angiogenesis; lymphangiogenesis; inflammation; cancer metastasis; VEGF; Cancer; Metastasis
Blum KS, Proulx ST, Luciani P, Leroux J-C, Detmar M (2013), Dynamics of lymphatic regeneration and flow patterns after lymph node dissection, in Breast Cancer Research and Treatment
, 139(1), 81-86.
Roudnicky F, Poyet C, Wild P, Krampitz S, Negrini F, Huggenberger R, Rogler A, Stöhr R, Hartmann A, Provenzano M, Otto VI, Detmar M (2013), Endocan is upregulated on tumor vessels in invasive bladder cancer where it mediates VEGF-A-induced angiogenesis, in Cancer Research
, 73(3), 1097-1106.
Zgraggen Silvana, Ochsenbein Alexandra M, Detmar Michael (2013), An important role of blood and lymphatic vessels in inflammation and allergy., in Journal of allergy
, 2013, 672381-672381.
Jurisic G, Sundberg JP, Detmar M (2013), Blockade of VEGF receptor-3 aggravates inflammatory bowel disease and lymphatic vessel enlargement., in Inflamm Bowel Dis
, 19, 1983-1989.
Alitalo A, Proulx S, Karaman S, Aebischer D, Martino S, Jost S, Schneider M, Bry M, Detmar M (2013), VEGF-C and VEGF-D blockade inhibits inflammatory skin carcinogenesis, in Cancer Research
, 73, 4212-4221.
Proulx ST, Luciani P, Alitalo A, Mumprecht V, Christiansen AJ, Huggenberger R, Leroux J-C, Detmar M (2013), Non-invasive dynamic near-infrared imaging and quantification of vascular leakage in vivo, in Angiogenesis
, 16, 525-540.
Proulx SP, Luciani P, Christiansen A, Karaman S, Blum KS, Rinderknecht M, Leroux JC, Detmar M (2013), Use of a PEG-conjugated bright near-infrared dye for functional imaging of rerouting of tumor lymphatic drainage after sentinel lymph node metastasis., in Biomaterials
, 34, 5128-5137.
Marino D, Angehrn Y, Klein S, Riccardi S, Baenziger-Tobler N, Otto VI, Pittelkow M, Detmar M (2013), Activation of the epidermal growth factor receptor promotes lymphangiogenesis in the skin., in Journal of Dermatological Sciences
Proulx ST, Detmar M (2013), Molecular mechanisms and imaging of lymphatic metastasis, in Experimental Cell Research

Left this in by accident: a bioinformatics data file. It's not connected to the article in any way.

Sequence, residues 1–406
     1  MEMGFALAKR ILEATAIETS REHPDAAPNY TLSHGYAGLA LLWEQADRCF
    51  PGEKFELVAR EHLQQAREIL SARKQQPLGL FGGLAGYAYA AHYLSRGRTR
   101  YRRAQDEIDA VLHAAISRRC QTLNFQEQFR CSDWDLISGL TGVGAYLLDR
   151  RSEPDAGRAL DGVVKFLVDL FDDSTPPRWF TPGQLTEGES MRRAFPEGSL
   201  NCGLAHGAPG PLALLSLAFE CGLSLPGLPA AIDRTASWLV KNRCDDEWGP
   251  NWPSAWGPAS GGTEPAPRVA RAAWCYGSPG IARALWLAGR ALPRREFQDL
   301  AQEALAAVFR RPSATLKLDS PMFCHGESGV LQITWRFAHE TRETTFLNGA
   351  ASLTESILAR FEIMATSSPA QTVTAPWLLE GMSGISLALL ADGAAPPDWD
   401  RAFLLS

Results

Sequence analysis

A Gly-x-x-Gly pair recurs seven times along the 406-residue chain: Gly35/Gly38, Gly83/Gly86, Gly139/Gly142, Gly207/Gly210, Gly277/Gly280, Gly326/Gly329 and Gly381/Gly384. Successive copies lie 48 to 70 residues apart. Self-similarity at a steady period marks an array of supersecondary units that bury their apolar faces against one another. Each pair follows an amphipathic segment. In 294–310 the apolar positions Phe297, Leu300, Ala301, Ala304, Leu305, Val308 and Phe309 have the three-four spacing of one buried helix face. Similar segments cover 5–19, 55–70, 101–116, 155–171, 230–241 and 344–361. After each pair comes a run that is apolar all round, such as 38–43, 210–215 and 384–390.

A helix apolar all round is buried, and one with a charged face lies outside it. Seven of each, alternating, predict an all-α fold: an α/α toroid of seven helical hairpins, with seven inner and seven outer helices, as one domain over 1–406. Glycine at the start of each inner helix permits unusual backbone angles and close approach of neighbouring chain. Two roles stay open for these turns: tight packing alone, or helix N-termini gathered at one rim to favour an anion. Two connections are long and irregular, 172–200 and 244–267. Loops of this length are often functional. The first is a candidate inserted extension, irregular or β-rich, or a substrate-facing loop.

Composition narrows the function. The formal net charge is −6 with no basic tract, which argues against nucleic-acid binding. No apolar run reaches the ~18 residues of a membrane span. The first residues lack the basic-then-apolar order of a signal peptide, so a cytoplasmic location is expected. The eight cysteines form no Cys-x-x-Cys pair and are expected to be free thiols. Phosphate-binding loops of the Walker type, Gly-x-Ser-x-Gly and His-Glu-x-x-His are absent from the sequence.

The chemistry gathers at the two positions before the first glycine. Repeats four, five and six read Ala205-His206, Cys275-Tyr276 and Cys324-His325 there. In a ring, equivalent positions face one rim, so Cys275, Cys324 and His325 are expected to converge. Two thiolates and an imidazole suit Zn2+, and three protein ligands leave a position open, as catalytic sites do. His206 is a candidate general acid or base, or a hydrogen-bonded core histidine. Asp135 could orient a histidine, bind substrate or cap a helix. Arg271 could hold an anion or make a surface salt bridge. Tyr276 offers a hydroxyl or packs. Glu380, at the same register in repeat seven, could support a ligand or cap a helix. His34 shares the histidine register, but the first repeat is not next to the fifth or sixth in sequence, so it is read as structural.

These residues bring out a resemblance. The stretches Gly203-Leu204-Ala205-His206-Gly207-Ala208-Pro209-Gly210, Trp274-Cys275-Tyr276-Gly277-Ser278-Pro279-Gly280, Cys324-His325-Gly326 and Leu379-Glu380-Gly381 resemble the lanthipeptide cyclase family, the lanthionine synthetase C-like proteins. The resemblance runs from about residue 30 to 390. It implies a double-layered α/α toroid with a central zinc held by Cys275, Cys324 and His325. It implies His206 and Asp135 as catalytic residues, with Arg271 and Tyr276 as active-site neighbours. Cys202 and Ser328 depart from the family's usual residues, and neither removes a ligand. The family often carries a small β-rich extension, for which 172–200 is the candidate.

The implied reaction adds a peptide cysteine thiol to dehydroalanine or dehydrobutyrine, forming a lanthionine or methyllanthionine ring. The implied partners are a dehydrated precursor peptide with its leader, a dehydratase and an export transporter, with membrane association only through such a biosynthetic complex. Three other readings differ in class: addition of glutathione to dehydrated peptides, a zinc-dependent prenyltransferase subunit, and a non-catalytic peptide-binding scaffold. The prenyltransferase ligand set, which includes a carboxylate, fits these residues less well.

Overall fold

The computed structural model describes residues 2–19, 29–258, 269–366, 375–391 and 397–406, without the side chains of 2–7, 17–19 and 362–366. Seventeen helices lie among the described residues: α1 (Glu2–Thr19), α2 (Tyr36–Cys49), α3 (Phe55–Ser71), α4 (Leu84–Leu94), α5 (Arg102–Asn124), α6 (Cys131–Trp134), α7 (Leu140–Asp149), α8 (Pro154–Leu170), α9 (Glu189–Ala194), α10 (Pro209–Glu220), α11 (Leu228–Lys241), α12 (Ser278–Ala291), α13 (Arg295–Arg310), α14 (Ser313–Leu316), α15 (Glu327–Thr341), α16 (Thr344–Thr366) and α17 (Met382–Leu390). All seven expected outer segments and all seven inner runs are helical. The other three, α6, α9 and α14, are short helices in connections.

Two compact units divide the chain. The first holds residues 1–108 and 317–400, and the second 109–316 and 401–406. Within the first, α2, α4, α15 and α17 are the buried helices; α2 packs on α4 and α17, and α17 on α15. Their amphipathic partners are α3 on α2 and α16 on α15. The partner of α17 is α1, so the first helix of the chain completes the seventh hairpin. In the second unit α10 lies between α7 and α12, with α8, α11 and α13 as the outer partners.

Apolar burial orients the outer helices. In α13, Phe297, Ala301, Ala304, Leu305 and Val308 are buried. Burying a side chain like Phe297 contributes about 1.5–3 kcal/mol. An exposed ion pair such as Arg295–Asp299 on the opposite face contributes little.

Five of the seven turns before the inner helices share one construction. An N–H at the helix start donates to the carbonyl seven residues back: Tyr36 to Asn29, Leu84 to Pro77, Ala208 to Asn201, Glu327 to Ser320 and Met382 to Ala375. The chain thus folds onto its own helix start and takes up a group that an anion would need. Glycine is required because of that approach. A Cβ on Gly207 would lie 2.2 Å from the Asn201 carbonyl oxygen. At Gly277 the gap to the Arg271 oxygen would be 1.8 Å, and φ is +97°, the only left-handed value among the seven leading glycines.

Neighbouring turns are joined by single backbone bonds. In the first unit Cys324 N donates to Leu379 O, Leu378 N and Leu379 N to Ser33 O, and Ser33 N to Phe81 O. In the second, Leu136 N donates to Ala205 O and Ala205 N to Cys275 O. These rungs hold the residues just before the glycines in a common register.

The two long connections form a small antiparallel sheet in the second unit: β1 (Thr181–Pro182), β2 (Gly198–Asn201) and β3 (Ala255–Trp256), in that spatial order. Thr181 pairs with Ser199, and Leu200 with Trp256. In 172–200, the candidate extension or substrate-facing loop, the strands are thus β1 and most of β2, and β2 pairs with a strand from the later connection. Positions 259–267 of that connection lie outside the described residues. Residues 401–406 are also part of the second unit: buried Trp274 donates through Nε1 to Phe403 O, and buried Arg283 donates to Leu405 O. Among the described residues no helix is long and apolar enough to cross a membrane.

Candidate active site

Schulz MMP, Reisen F, Zgraggen S, Fischer S, Yuen D, Kang GJ, Chen L, Schneider G, Detmar M (2012), Phenotype-based high-content chemical library screening identifies statins as inhibitors of in vivo lymphangiogenesis, in Proceedings of the National Academy of Sciences of the United States of America
, 109(40), E2665-E2674.
Mumprecht V, Roudnicky F, Detmar M (2012), Inflammation-Induced Lymph Node Lymphangiogenesis Is Reversible, in AMERICAN JOURNAL OF PATHOLOGY
, 180(3), 874-879.
Christiansen A, Detmar M (2011), Lymphangiogenesis and Cancer, in Genes and Cancer
, 2(12), 1146-1158.
Huggenberger R, Detmar M (2011), The cutaneous vascular system in chronic skin inflammation, in Journal of Investigative Dermatology Symposium Proceedings
, 15(1), 24-32.
Huggenberger R, Siddiqui SS, Brander D, Ullmann S, Zimmermann K, Antsiferova M, Werner S, Alitalo K, Detmar M (2011), An important role of lymphatic vessel activation in limiting acute inflammation, in BLOOD
, 117(17), 4667-4678.
Mumprecht V, Honer M, Vigl B, Proulx ST, Trachsel E, Kaspar M, Banziger-Tobler NE, Schibli R, Neri D, Detmar M (2010), In vivo Imaging of Inflammation- and Tumor-Induced Lymph Node Lymphangiogenesis by Immuno-Positron Emission Tomography, in CANCER RESEARCH
, 70(21), 8842-8851.
Jurisic G, Maby-El Hajjami H, Karaman S, Ochsenbein AM, Alitalo A, Siddiqui SS, Ochoa Pereira C, Petrova T, Detmar M, An unexpected role of semaphorin3A/neuropilin-1 signaling in lymphatic vessel maturation and valve formation, in Circulation Research
Proulx ST, Luciani P, Dieterich LC, Karaman S, Leroux J-C, Detmar M, Expansion of the lymphatic vasculature in cancer and inflammation: New opportunities for in vivo imaging and drug delivery, in Journal of Controlled Release